College of Architecture, Arts and Humanities

Clemson English alumnus writes an award-winning novel—in his second language


Greg Khezrnejat, ’07, has won the Kyoto Literature Award for his novel, “Kamo River Runner,” which is set to be released October 27 by Kodansha, Japan’s largest publishing house.

Khezrnejat entered his novel into the competition in the category only for international writers who are not native Japanese speakers. However, he not only won the international category, but the competition judges were so impressed with his work that he also won the overall first prize.

Shinji Ishii, a novelist who was part of the panel of judges for the award, was the first to recommend Khezrnejat’s book for both categories. “At some point, another judge said, ‘Maybe this should win first prize?’ After that, it was an avalanche,” Ishii said (quotation translated from Japanese). “It really was a magnificent spectacle. The highest award should be given to the best work of literature among the entries.”

“It was a complete shock. I had no idea that something like that could happen,” Khezrnejat said.

Khezrnjat (front row, fourth from left) accepted the Kyoto Literature Award in April 2021. His novel, “Kamo River Runner,” will be released on October 27.

Learning to love language

The mysteries of different languages have fascinated Greg Khezrnejat ever since he was a child.

“My dad is originally from Iran,” he explained. “I think that growing up hearing another language that was so different from English, I was always fascinated by the fact that he could switch personas like that, that he could read things that didn’t even look like letters to me.”

His initial interest in Japanese took root at J.L. Mann High School in Greenville, which had a Japanese language program. His interest grew as he participated in Clemson’s Department of Languages Declamation contest, which was led at the time by Assistant Professor of Japanese Leslie Williams. When Khezrnejat enrolled at Clemson, he majored in Computer Science and minored in Japanese, but an encounter with English Professor Lee Morrissey added a new dimension to his education.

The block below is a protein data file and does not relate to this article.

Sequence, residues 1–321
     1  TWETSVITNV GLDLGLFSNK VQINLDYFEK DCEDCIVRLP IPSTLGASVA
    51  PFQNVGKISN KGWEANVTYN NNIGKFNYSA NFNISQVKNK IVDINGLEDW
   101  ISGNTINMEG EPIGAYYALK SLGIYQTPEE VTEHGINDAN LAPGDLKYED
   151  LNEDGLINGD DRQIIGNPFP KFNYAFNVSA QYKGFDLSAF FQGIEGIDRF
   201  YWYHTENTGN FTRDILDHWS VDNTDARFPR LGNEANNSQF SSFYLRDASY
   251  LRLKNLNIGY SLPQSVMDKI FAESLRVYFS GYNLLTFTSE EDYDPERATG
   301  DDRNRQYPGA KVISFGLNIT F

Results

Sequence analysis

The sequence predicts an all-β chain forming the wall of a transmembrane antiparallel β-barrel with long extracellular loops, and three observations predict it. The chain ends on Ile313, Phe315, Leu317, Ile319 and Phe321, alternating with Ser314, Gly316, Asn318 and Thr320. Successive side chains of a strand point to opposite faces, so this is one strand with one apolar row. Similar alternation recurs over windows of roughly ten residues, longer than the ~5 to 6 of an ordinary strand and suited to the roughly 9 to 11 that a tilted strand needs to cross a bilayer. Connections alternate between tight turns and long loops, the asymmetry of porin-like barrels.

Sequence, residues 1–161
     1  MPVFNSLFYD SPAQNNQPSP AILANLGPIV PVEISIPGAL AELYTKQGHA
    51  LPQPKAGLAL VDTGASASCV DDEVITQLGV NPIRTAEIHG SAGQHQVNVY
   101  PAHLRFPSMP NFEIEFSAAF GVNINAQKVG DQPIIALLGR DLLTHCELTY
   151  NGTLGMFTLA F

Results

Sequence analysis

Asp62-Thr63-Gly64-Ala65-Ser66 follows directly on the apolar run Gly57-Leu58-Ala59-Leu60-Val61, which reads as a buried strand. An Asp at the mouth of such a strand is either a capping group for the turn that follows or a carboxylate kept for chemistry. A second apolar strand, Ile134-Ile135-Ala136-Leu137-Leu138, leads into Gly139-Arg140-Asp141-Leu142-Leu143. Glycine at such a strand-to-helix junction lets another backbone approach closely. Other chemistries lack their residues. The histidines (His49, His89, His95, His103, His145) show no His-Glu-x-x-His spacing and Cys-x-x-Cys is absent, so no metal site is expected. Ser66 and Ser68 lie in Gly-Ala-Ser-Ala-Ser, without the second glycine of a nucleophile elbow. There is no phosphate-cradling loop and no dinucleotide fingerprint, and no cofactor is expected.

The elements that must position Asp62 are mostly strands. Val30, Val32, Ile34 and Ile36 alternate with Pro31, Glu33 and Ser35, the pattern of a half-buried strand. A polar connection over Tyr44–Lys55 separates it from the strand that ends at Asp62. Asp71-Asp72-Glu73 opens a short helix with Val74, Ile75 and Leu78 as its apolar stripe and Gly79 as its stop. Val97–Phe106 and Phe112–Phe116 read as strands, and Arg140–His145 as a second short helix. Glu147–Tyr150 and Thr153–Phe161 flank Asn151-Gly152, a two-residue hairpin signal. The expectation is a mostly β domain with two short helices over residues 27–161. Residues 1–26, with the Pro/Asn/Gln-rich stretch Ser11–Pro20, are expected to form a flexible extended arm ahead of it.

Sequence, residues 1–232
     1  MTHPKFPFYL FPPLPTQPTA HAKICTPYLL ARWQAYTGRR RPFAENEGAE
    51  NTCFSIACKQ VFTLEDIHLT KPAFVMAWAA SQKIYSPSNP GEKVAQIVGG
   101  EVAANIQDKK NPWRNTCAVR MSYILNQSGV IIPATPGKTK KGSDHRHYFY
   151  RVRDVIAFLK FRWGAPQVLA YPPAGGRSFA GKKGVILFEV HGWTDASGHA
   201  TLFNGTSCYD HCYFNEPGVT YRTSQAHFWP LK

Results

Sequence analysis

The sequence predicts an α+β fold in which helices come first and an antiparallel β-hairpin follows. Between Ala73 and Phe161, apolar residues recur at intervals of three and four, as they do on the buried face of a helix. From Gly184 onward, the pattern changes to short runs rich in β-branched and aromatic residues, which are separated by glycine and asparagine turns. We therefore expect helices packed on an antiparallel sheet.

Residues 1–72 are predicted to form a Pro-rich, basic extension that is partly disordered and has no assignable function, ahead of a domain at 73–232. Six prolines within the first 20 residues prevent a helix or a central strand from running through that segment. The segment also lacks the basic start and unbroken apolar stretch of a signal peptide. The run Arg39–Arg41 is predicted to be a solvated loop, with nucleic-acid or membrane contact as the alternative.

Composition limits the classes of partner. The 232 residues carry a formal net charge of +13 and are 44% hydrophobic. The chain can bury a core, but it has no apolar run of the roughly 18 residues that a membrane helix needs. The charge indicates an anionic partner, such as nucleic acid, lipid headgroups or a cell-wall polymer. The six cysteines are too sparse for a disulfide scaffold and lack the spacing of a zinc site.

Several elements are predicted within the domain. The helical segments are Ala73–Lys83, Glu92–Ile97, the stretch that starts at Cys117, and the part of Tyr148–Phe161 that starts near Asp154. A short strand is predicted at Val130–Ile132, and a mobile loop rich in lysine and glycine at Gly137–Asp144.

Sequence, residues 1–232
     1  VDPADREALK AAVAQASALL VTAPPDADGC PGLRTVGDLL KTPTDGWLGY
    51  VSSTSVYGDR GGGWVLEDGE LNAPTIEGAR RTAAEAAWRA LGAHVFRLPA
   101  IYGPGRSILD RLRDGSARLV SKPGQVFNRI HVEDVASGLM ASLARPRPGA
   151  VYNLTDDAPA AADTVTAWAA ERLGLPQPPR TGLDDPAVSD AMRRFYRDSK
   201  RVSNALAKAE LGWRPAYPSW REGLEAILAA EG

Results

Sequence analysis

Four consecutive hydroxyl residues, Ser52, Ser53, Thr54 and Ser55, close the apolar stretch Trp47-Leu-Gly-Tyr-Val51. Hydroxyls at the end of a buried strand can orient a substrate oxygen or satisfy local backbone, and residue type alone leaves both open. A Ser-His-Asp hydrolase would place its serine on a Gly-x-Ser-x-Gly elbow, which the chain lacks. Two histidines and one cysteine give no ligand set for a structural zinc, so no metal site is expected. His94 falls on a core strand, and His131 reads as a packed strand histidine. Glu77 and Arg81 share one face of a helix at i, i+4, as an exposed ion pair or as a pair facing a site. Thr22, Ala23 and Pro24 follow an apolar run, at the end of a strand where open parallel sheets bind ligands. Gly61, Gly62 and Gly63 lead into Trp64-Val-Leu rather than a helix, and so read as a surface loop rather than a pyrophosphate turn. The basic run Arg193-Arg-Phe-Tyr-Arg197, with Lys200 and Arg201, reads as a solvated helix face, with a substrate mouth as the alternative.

“I took one of his classes, and I was hooked. I knew I wanted to change my major. I think he has that effect on some students,” Khezrnejat said. After the course, he added English as his second major. Although he studied primarily English literature in his major, the lessons carry through to his writing in Japanese.

‘Kamogawa Runner’ is very much a novel about language. Much of it is a sort of internal monologue by a character who is trying to understand why he can’t understand the words that surround him.”

Greg Khezrnejat, Author

“It had a huge influence on me, the way I write and think about language,” he said. “‘Kamogawa Runner’ is very much a novel about language. Much of it is a sort of internal monologue by a character who is trying to understand why he can’t understand the words that surround him.”

After graduation from Clemson, Khezrnejat moved to Japan as part of the Japan Exchange and Teaching Programme (JET), teaching English to elementary students in rural Kyoto. He pursued graduate degrees at Doshisha University while keeping in touch with his Clemson professors. Williams, before passing away in 2014, was able to visit Khezrnejat to watch one of his graduate research presentations.

“Dr. Williams was always a mentor to me. It was a bit intimidating but also an honor to have him there,” Khezrnejat reflected.

Kamo River Runner

“Kamo River Runner” centers on an American living in Japan, struggling to learn the language. The story grew directly from Khezrnejat’s own journal, which he began to keep as a way to practice Japanese.

“You can only get so far writing about daily life, there is only so much to write about, so I started to play with fiction,” he said. “I had to write to make those words my own. Until then, I always felt like I was parroting. I was very self-conscious about trying to take on the affect of a native speaker.”

The title of the book comes from the Kamo-gawa, the river that runs through Kyoto. The paths along each side of the river serve as the city’s central park and are a popular attraction for both locals and tourists.

Only about half a dozen modern Japanese novelists write in Japanese as a second language. Khezrnejat credits Ian Hideo Levy, the first native English speaker to write a modern novel in Japanese, as an inspiration. The work of Shirin Nezammafi, another Japanese language novelist who, like Khezrnejat’s father, hails from Iran, also provided motivation.

Although Khezrnejat hopes that one day his work can be translated into English so it can be enjoyed by his family and friends, he says much of book’s Japanese wordplay can’t be duplicated in English.

“I don’t know how you’d do that,” he said, “but I’m sure there’s a translator more talented than me who could figure that out.”

“Kamo River Runner” published by Kodansha, will be available for purchase on Amazon on October 27.

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